Library Frequently Asked Questions
1. Does the community get a good return on the use of its tax dollars?Many states, including Florida, confirm the economic value of their public libraries. For every tax dollar received, Florida public libraries give $8.32 in value, making them an excellent investment as well as an important channel for literacy, education and information. Public libraries are worth a lot more than they cost. You can see the full report here and also calculate the value that you receive from the library with the Personal Savings Calculator.
2. Wonít technology make libraries obsolete in the future?With new technologies for downloading and reading books, coupled with the ease of online research, one may wonder what the future holds for public libraries.
Some relevant observations:
1. If most people could afford to buy their own books, libraries would never have come into existence. But thatís never been the case, and likely it will not be in the future. Even with electronic access, there remains value to sharing resources rather than each citizen purchasing their own materials.
2. In a society where bookstores disappear while the number of books available to read has swelled dramatically, libraries will play an ever more crucial role. Even more than in the past, we will depend on libraries of the future to help discover and curate great books. For publishers, the library will be the showroom of the future.
3. Library use reached record levels during the recession as people sought education and community. Today sixty-eight percent of Americans now have a library card. The sheer power and scope of Internet information services are opening the public's eye to the volume of information available and keeping reference/information services in the library busy, supportive that it's better to be inquisitive than acquisitive.
4. There are still many citizens who do not have Internet access at home. The Library insures that Internet access is available to all. The Library also serves many people who have difficulty finding what they need on the Internet. Library staff guides patrons through both print and electronic resources to find the best information available. As a Beach community library, we serve many residents and visitors who are live here from a few days to six months, and having Internet access is very important to their quality of life during the time they are here.
5. Contrary to popular belief, much information is not available electronically. Less than 3% of the more than 151.8 million items in the Library of Congress has been electronically formatted. Today the digital library community spends some effort on scanning, compression, and OCR; tomorrow it will have to focus almost exclusively on selection, searching, and quality assessment. Input will not matter as much as relevant choice.
6. There are still large groups of people who prefer a paper book. So, for the foreseeable future, there will still be a constant need for paper titles. Amazon.com got started selling books and it is not worried about going out of business because peopleís interest in more information has increased with this easier accessibility. Book publishers are printing more titles, not less, and self-publishing is becoming more common.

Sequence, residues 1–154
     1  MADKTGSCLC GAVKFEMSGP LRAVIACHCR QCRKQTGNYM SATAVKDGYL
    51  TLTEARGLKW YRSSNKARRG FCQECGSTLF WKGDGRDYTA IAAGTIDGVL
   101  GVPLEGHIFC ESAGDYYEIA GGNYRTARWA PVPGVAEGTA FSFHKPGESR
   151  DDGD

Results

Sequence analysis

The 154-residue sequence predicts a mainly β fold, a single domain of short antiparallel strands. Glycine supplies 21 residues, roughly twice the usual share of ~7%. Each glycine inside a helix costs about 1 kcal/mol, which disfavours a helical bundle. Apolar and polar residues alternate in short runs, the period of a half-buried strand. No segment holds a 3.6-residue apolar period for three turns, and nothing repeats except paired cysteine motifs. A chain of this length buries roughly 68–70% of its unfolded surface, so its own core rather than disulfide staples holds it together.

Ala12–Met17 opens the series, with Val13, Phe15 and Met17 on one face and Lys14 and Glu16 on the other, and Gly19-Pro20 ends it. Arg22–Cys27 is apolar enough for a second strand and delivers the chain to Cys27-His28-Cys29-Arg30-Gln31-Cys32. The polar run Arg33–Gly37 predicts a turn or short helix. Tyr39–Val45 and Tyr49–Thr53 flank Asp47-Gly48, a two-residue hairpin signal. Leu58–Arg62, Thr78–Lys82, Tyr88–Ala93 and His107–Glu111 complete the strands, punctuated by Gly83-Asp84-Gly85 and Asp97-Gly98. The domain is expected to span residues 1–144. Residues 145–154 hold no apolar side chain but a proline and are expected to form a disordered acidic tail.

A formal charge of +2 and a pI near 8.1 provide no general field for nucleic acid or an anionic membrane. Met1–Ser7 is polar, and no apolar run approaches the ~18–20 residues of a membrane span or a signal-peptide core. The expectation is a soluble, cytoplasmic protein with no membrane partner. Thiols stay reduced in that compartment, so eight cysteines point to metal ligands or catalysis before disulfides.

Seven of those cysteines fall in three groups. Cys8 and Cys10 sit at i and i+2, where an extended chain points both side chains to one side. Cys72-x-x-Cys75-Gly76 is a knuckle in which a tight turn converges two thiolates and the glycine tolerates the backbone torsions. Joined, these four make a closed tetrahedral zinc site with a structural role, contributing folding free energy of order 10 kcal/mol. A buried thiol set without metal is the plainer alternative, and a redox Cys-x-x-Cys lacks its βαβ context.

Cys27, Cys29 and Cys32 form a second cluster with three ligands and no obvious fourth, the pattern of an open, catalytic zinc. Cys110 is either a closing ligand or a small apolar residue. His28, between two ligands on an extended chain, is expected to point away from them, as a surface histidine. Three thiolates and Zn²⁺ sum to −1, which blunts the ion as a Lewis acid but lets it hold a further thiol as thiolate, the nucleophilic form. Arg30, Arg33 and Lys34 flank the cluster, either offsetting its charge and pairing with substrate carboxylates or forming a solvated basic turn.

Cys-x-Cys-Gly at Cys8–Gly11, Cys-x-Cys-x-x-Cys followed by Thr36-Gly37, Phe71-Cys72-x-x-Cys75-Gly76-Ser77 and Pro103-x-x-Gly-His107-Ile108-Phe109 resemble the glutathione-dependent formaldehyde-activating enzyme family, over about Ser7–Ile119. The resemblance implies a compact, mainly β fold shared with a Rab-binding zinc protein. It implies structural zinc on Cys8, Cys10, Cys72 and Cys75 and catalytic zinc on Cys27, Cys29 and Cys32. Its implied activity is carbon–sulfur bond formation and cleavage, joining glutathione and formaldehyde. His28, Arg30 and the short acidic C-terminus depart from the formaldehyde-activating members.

7. The demise of the book has been heard many times and is still waiting to happen. When the Internet became more widespread in the 1990s, speculation was that it spelled the death of libraries. The reality is that libraries are in more demand and use than ever. The Internet has become a great informational resource for many people. The expanded library will make more online services available. Studies have shown that Internet use has not produced a reduction in the use of public libraries. There will remain individuals who want to hold and touch a real book, and that will be true for a long time to come.
8. More shelf space is now given to audio books and Playaways. Audio books serve a variety of uses and are convenient, portable and affordable. More popular audio book formats such as CD, MP3 and IPod are available with more formats anticipated. Adding the possibility of using a Kindle or Nook or other device, the need in libraries is anticipated to grow even more.
9. New technology wonít phase out people. Many library leaders across the United States see the library of the future becoming much more of a meeting center for the community. More room will be needed for discussions, computer space, and increasingly classroom space to teach patrons how to use all this new technology.
Changes are happening. The Board of Directors understands there is a challenge in figuring out the future of libraries. But the one thing that hasnít changed in all that time is that the library as a physical building continues to be important. Many users have found that the library is very good at bringing people and information, people and entertainment, people and inspiration together
3. How do Beach Library costs compare to the County Library System?
4. What are the boundaries of the library taxing district?
The Library District comprises all of Estero Island, all of San Carlos Island and three community developments on the mainland up to Pine Ridge Blvd.
5. How do the tax dollars I pay to the library compare to those I pay to the Town of Fort Myers Beach, or to the Fire District?
Here are the millage rates over the past:
6. Is the library board elected by the community?
Every position on the library board is an unpaid elected position. Candidates must qualify for a particular seat and follow the strict procedures of the Lee County Supervisor of Elections. The successful candidate is commissioned by the Governor of Florida.
7. Isn't the library free?
We'd quickly say nothing is free.